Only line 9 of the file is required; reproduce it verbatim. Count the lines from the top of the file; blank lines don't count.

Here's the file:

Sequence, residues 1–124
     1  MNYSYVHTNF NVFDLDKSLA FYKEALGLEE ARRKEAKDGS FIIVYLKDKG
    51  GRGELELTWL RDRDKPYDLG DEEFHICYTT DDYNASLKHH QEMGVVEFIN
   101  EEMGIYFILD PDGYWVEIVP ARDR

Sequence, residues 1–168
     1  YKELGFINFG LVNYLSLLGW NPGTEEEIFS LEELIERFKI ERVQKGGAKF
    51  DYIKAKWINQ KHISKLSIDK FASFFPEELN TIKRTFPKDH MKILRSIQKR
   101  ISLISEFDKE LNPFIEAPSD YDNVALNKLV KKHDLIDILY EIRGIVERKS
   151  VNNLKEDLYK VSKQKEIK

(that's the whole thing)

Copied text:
   151  VNNLKEDLYK VSKQKEIK